They both would be good presidents so Im rooting for both.

In seven days the voters in North Carolina and Indiana will cast their votes. In 14 days, West Virginia voters will have their say. In 21 days, voters in Oregon and Kentucky will cast their ballot, and on and on until June 3, Brazile said.

Its not a tough decision, but I want to see all of the people who make up the Democratic Party to get a chance to say before us who are the super-duper delegates come in.

Brazile is a highly respected political strategist and super-delegate for the DNC. She works in television and is often seen on CNNs The Situation Room with Wolf Blitzer, American Morning, and occasionally during CNNs coverage of the presidential election. She also contributes to NPRs political corner and ABC News.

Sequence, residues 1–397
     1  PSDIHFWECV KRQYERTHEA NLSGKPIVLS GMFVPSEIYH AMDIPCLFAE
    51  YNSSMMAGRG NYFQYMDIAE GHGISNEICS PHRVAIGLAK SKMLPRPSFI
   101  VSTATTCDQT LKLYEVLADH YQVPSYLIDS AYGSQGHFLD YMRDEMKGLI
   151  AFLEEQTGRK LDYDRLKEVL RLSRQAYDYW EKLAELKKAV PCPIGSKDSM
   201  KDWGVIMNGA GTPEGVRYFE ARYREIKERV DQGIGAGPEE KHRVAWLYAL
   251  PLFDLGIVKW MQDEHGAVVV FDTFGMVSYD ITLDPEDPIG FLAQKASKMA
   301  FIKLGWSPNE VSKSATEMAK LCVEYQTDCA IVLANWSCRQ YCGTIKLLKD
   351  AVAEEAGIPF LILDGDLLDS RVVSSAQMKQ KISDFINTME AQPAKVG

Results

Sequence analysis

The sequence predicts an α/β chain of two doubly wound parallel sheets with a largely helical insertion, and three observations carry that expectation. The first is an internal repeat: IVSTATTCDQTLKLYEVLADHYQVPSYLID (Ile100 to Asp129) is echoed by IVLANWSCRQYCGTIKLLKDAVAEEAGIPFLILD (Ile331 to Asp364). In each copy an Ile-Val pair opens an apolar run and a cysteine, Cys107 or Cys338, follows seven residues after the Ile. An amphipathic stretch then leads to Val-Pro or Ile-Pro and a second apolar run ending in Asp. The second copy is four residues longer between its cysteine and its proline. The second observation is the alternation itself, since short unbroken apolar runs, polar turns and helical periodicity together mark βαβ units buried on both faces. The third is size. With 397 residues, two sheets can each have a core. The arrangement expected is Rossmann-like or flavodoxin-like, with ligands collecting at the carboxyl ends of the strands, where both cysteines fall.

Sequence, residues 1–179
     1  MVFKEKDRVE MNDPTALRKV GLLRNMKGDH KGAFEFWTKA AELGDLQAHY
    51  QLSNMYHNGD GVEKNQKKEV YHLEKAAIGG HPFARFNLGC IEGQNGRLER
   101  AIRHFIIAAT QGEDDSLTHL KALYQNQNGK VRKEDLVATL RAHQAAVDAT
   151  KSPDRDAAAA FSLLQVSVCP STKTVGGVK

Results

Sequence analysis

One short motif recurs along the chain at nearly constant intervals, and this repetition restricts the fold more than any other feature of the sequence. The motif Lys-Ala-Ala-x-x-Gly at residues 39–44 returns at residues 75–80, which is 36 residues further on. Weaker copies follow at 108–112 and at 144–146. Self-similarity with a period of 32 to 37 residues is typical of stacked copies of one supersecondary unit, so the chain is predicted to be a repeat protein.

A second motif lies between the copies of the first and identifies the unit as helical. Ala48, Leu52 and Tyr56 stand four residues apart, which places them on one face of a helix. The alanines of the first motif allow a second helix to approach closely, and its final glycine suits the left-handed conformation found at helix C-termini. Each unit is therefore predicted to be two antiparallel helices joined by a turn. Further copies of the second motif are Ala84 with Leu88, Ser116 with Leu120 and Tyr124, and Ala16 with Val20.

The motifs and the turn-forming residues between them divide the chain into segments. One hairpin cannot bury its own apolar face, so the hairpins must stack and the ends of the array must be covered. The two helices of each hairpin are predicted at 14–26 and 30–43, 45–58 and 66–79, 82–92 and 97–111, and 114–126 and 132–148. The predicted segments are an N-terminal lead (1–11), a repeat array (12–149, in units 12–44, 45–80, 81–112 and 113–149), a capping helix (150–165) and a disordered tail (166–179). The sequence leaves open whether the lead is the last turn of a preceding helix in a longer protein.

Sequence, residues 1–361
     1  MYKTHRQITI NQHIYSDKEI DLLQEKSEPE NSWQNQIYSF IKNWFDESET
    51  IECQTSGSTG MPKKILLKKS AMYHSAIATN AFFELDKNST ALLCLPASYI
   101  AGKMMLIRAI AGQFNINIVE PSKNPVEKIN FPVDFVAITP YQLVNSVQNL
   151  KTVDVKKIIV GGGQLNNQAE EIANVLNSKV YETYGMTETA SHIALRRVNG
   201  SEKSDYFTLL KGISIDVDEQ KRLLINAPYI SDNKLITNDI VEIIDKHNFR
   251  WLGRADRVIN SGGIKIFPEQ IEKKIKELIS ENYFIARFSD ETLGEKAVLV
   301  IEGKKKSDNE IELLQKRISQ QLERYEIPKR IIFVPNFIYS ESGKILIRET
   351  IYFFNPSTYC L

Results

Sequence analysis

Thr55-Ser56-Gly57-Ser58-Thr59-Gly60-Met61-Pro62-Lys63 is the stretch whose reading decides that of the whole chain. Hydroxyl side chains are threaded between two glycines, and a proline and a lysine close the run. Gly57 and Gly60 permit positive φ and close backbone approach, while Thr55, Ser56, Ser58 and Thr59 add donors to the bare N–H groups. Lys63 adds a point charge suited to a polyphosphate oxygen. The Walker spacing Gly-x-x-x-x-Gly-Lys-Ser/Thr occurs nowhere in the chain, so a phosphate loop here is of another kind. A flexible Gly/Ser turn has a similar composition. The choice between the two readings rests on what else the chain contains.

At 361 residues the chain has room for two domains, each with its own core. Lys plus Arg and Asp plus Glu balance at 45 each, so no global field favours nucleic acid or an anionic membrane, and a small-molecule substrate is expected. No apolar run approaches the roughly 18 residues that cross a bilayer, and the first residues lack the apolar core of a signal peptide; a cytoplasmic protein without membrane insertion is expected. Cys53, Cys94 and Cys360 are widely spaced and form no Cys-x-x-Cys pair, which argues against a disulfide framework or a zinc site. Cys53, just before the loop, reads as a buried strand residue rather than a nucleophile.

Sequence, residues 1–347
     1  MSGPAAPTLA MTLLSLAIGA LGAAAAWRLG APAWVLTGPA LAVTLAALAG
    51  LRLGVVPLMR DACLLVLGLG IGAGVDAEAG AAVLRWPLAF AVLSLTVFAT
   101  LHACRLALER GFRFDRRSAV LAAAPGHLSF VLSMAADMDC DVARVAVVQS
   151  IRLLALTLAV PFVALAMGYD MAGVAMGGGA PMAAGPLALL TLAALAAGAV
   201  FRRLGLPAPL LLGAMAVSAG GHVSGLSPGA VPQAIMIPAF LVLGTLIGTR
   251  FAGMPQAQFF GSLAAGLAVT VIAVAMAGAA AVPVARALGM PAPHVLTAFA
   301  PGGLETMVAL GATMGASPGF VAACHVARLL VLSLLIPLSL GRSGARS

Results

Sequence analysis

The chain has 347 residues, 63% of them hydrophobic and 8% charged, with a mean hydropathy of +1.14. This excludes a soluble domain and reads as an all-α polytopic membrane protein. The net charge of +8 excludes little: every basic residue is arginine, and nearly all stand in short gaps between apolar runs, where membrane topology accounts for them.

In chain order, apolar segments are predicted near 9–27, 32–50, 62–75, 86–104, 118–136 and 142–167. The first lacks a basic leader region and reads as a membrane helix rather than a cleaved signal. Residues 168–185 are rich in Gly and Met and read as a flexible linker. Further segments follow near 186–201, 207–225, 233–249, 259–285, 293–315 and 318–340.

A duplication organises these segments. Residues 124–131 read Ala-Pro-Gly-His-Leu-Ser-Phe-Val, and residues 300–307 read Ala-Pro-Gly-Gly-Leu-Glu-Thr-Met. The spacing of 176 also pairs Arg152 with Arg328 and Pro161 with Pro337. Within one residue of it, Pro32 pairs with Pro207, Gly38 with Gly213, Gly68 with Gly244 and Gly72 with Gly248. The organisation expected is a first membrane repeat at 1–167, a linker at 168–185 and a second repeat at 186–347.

Brazile also discussed the success of the Democratic primary this year, the overwhelming financial support and the over 1 million voters registered during the primary process that began in January.

Brazile also noted that of independent voters, 51 percent over 37 percent lean toward the Democratic Party, a statistic that she found to be encouraged.

As a superdelegate, Im going to help solve another crises before we end this primary battle, and that is were going to make sure the voters in Florida and Michigan get seats in the convention, Brazile said, referring to DNCs removal of their delegates because they didnt follow the rules of the primary. It might be in the bleachers, but they will get seats, and they too will be apart of our great tradition.

She said she would return to Minneapolis for the Republican convention in September. But she told Republican supporters not to worry.